Unless you live in these states, your credit score will likely have an impact on your auto insurance premiums. But because geographic location also plays a role, the state you live in and even your ZIP code will also impact your premium.

“States have varying insurance premiums for a variety of reasons,” Mak explains. “The incidence of crashes in some states is higher than in others. Impacts are due to the mix of the ability of drivers in the state as well as road safety. Each state’s premiums are also affected by the court system and the cost of medical care in each state, with some states’ courts offering more generous awards and higher-cost medical care being drivers of higher premiums.”

Depending on where you live, this is how your credit could impact your full coverage auto insurance premium:

State Poor credit Average credit Good credit Excellent credit
Alabama $3,108 $1,900 $1,623 $1,540
Alaska $2,265 $1,730 $1,559 $1,497
Arizona $2,804 $1,764 $1,547 $1,423
Arkansas $3,461 $2,146 $1,914 $1,660
California* $2,114 $2,114 $2,065 $2,114
Colorado $3,321 $2,213 $2,016 $1,679
Connecticut $2,967 $1,794 $1,845 $1,344
District of Columbia $3,072 $2,062 $1,855 $1,711
Delaware $2,987 $1,954 $1,775 $1,509
Florida $5,817 $3,032 $2,364 $2,161
Georgia $3,143 $2,200 $1,982 $1,859
Hawaii* $1,217 $1,216 $1,127 $1,216
Idaho $1,748 $1,217 $1,045 $1,019
Illinois $2,622 $1,653 $1,485 $1,243
Indiana $2,621 $1,480 $1,254 $1,099
Iowa $2,365 $1,408 $1,260 $1,087
Kansas $3,165 $1,924 $1,698 $1,521
Kentucky $4,128 $2,533 $2,128 $1,934
Louisiana $4,630 $3,032 $2,724 $2,410
Maine $1,425 $913 $965 $765
Maryland $2,935 $1,958 $1,877 $1,565
Massachusetts* $1,271 $1,271 $1,223 $1,272
Michigan* $6,209 $2,981 $2,309 $2,117
Minnesota $3,087 $1,822 $1,643 $1,445
Mississippi $2,685 $1,893 $1,782 $1,552
Missouri $2,829 $1,865 $1,661 $1,463
Montana $2,894 $1,913 $1,737 $1,560
Nebraska $2,862 $1,697 $1,531 $1,293
Nevada $3,275 $2,404 $2,245 $2,044
New Hampshire $2,174 $1,312 $1,275 $945
New Jersey $3,307 $1,979 $1,757 $1,384
New Mexico $2,534 $1,560 $1,419 $1,300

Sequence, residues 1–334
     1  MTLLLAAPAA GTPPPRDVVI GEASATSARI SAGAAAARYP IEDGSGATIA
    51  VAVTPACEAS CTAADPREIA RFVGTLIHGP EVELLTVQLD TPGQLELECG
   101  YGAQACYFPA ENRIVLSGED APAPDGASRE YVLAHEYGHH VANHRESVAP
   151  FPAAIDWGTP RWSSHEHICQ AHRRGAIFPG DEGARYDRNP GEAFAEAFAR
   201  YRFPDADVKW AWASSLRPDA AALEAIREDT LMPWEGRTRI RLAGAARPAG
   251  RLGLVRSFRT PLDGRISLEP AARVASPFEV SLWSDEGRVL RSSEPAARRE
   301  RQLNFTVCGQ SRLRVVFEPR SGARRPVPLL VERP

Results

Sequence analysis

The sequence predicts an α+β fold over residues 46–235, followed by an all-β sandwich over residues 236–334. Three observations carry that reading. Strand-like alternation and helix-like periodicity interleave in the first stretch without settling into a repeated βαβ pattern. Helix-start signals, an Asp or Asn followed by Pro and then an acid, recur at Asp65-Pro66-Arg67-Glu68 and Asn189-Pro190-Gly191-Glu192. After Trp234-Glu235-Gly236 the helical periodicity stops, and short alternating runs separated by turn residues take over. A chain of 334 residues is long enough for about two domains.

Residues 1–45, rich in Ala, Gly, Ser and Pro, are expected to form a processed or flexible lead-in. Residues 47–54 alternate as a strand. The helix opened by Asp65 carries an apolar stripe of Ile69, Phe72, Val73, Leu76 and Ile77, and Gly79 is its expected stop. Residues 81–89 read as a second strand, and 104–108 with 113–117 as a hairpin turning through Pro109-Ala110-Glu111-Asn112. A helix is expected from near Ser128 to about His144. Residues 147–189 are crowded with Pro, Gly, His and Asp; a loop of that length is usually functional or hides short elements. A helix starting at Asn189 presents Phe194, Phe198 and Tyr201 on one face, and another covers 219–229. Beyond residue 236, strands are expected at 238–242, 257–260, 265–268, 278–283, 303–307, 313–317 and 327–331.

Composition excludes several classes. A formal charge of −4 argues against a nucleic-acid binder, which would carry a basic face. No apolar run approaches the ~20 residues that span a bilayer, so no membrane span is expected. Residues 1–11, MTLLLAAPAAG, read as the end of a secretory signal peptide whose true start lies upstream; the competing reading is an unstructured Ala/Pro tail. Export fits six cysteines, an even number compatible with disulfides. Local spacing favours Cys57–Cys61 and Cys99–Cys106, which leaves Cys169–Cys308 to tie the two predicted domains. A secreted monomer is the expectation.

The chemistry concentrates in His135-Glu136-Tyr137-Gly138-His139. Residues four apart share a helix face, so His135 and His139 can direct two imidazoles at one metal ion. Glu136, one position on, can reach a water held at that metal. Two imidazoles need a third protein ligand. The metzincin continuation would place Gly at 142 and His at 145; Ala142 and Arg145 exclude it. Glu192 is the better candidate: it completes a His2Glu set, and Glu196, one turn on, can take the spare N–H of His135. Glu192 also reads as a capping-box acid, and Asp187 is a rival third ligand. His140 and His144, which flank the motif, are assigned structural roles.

New York $4,876 $2,585 $2,321 $1,935
North Carolina $1,758 $1,451 $1,325 $1,352
North Dakota $2,388 $1,474 $1,264 $1,107
Ohio $2,075 $1,231 $1,034 $960
Oklahoma $3,024 $2,054 $1,873 $1,680
Oregon $2,288 $1,539 $1,346 $1,245
Pennsylvania $2,553 $1,791 $1,476 $1,507
Rhode Island $3,090 $2,132 $2,018 $1,664
South Carolina $2,775 $1,646 $1,512 $1,250
South Dakota $3,139 $1,896 $1,642 $1,422
Tennessee $2,416 $1,531 $1,338 $1,174
Texas $3,053 $2,106 $1,823 $1,663
Utah $2,369 $1,477 $1,306 $1,144
Vermont $1,873 $1,209 $1,207 $982
Virginia $2,300 $1,425 $1,304 $1,083
Washington* $1,816 $1,318 $1,176 $1,054
West Virginia $2,635 $1,741 $1,499 $1,355
Wisconsin $5,440 $1,345 $1,186 $1,010
Wyoming $2,357 $1,567 $1,495 $1,229

*These states do not allow insurance companies to use credit as a rating factor.

You may have noticed that Michigan and Washington still show quite a bit of variance in their rates. This is likely because the credit bans are recent; Michigan’s credit ban went into effect on July 1, 2020 and Washington’s temporary ban was effective on March 22, 2021. This means that there are still existing policies in place that were initially rated with credit score as a factor. Within a few years, these policies should all have renewed into the new credit-banned system and the rates should even out across the credit tiers.

Do insurance companies check your credit?

To get auto insurance, in almost every case, your credit will be checked. Every major auto insurer uses drivers’ credit history in some capacity, according to a 2007 report from the Federal Trade Commission.

There is a small number of insurers that don’t use credit history to set rates. California, Hawaii, Massachusetts, Michigan and Washington forbid the practice.

The reason insurers check your credit is because studies have shown that credit rating tends to be a good indicator of how many claims a driver will file. That allows insurers to match more expensive rates with drivers who will likely use their insurance more.

When an insurer asks for your Social Security number in the process of providing a quote, this is to check your credit. Some insurers provide quotes without an SSN, but they will ask for one before delivering a final price.

Other Ways To Build Credit

Making your car insurance payments on time and in full is important, whatever payment method you choose. 

Remember, you won’t build credit just by making your car insurance payments. But using a credit card to pay those insurance premiums can have an indirect impact. Just remember it’s the responsible use of your credit card that can have a positive effect on your credit score. 

But there are also ways you can build your credit, even without a credit card. Becoming an authorized user on someone else’s credit card account, applying for credit builder loans, and using personal loans responsibly may help improve your credit score. 

Can you get non-credit-based car insurance?

What if your credit isn’t the best. Then what? Does State Farm or Geico use credit scores? How do you know?

No credit check auto insurance is available, but most of the major insurers do check your credit. Every auto insurance company determines its rates a little differently. That’s why it’s so important to shop around. You can save hundreds by switching to a more lenient insurer.